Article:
During an open session, he was questioned about US military preparations to defend against, and prosecute, information warfare, a capability which popular imagination also believes to be in an advanced state of development.

He indicated that America's cyberwar capabilities are as grossly overestimated as its spying capabilities. "I'm not even sure how we would determine that [an information attack] was happening," he observed.

"The biggest problem that we have in cyberspace is figuring out who's [attacking]. There are no fingerprints, no physical evidence; and if you don't know who did it, then you have a hard time figuring out why it was done. Identification and intent are key elements in international law. If you want to go whack someone, you have to be able to make a plausible, provable case that Enemy X is the one that [attacked] you; and if you can't determine who they are, then you have a real problem."

And malicious hackers should beware, he said, as this uncertainty in identification could one day cause a great deal more harm than intended. "An individual conducting a [network attack] on US soil against a foreign state could conceivably be interpreted as an agent of the US government. And if that's the case, then you have a situation where an individual could cause an international incident."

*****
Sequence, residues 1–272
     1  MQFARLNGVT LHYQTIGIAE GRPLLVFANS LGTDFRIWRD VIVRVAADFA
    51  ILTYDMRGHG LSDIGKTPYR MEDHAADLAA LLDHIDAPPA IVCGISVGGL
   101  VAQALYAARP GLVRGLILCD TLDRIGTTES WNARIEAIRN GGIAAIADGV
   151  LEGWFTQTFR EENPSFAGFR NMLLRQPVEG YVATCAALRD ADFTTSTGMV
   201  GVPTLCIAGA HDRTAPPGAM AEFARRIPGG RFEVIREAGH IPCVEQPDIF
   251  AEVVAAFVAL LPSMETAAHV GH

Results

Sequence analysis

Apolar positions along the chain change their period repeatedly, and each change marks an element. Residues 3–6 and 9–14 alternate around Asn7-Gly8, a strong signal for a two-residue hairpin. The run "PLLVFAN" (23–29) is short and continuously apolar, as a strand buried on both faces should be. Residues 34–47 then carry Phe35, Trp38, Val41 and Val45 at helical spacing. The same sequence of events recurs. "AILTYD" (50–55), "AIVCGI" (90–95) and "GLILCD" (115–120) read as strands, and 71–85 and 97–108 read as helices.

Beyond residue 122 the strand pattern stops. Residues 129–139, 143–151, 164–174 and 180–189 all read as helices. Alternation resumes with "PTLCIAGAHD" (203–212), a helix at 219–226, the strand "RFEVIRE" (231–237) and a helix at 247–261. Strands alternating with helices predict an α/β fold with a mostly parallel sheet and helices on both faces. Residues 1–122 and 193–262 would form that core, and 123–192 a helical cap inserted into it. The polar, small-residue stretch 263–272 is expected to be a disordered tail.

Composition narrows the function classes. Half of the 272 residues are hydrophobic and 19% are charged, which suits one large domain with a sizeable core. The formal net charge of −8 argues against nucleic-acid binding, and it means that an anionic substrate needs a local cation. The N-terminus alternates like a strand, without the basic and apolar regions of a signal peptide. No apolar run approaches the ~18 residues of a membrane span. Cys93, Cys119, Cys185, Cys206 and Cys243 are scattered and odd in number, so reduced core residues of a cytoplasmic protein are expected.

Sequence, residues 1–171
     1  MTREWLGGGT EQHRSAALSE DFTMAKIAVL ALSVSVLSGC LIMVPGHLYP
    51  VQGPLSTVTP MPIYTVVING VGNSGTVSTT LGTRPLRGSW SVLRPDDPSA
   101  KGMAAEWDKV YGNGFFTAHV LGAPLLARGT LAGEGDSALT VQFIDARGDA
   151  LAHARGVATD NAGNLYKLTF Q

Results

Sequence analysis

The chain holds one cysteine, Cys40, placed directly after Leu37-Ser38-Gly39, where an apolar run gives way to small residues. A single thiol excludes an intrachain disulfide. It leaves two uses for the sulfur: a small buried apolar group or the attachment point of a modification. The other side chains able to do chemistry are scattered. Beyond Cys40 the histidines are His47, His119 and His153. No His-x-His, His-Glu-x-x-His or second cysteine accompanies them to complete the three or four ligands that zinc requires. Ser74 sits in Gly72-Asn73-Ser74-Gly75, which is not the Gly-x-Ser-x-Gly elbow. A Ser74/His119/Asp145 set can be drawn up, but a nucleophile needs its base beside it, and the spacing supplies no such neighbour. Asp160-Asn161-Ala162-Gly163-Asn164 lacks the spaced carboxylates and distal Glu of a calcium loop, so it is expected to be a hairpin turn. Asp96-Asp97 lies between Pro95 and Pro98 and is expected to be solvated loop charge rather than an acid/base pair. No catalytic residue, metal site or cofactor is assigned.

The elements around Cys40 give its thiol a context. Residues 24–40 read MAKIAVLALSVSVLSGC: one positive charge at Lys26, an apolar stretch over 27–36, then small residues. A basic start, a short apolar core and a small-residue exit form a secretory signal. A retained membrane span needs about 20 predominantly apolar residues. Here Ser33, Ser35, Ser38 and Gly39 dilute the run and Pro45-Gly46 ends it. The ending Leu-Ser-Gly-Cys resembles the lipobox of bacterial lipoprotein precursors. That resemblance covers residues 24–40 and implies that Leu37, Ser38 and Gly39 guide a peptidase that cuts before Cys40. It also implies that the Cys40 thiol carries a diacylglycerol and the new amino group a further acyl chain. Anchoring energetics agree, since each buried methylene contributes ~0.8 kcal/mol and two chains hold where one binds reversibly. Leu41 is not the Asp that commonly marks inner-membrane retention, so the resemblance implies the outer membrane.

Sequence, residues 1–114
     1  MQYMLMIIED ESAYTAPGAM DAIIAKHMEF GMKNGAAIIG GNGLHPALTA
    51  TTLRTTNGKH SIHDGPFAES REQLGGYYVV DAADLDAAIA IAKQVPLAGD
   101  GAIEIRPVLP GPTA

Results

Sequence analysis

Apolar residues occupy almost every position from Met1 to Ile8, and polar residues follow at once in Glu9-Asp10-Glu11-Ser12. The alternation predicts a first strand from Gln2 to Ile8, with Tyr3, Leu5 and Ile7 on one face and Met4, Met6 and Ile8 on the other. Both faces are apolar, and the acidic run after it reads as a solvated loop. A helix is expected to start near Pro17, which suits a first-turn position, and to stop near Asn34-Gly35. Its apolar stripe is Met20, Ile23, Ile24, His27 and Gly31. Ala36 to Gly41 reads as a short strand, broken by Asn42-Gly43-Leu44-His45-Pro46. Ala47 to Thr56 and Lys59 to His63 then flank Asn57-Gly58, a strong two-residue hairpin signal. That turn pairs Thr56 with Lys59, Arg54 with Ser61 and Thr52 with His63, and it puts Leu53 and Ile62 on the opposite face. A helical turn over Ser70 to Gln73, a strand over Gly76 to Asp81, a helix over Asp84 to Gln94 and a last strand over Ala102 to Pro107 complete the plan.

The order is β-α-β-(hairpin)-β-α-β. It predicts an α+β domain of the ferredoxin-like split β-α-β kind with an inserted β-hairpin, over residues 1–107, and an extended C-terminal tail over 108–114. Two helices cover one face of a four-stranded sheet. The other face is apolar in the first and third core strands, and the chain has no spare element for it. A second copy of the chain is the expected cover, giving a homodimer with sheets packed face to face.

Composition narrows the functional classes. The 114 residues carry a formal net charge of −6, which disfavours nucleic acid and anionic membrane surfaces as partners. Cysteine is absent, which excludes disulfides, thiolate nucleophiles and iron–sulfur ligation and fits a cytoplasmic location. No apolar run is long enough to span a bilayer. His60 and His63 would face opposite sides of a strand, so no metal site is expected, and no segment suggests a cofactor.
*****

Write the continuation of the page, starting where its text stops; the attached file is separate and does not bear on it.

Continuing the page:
As for the US military's offensive cyberwar capabilities, there is little real-world data to go on in assessing it. "We did not conduct any successful virus attacks during the Gulf War," the official noted. "We had a target identified that we thought it useful to knock out to support the air campaign. We were prepared to go against it, but in the complexities of that war, we inadvertently removed the access pathway to the target before we were able to attack it."

As for its defensive capabilities, at least some assessment can be inferred from its difficulties in protecting on-line systems from relatively unsophisticated attacks by script kiddies, and the increasing alarm among federal law enforcement agencies which are scrambling to obtain ever-expanding powers of surveillance and to impose ever-harsher penalties for such minor abuse.

The myth of invincibility doesn't stand up long when FBI Director Louis Freeh and Attorney General Janet Reno wring their hands in public, demanding a relaxation of on-line trap and trace laws and a lowering of the standards by which federal involvement in on-line crime is triggered.

Another obstacle to the defence of crucial US assets from cyber attack is the simple fact that many of them are privately owned, the official noted. "The government doesn't own a lot of the stuff that needs to be protected," he said. "We can't just walk in and tell people how to take care of their personal property."

Some private assets with serious public implications, like telecommunications, finance and non-nuclear energy, have co-operative agreements to harden their crucial assets from attack, but the government is in no position to dictate the particulars of how this is to be accomplished.

One can only hope that old-fashioned economic self-interest will inspire them to do a decent job of it. ®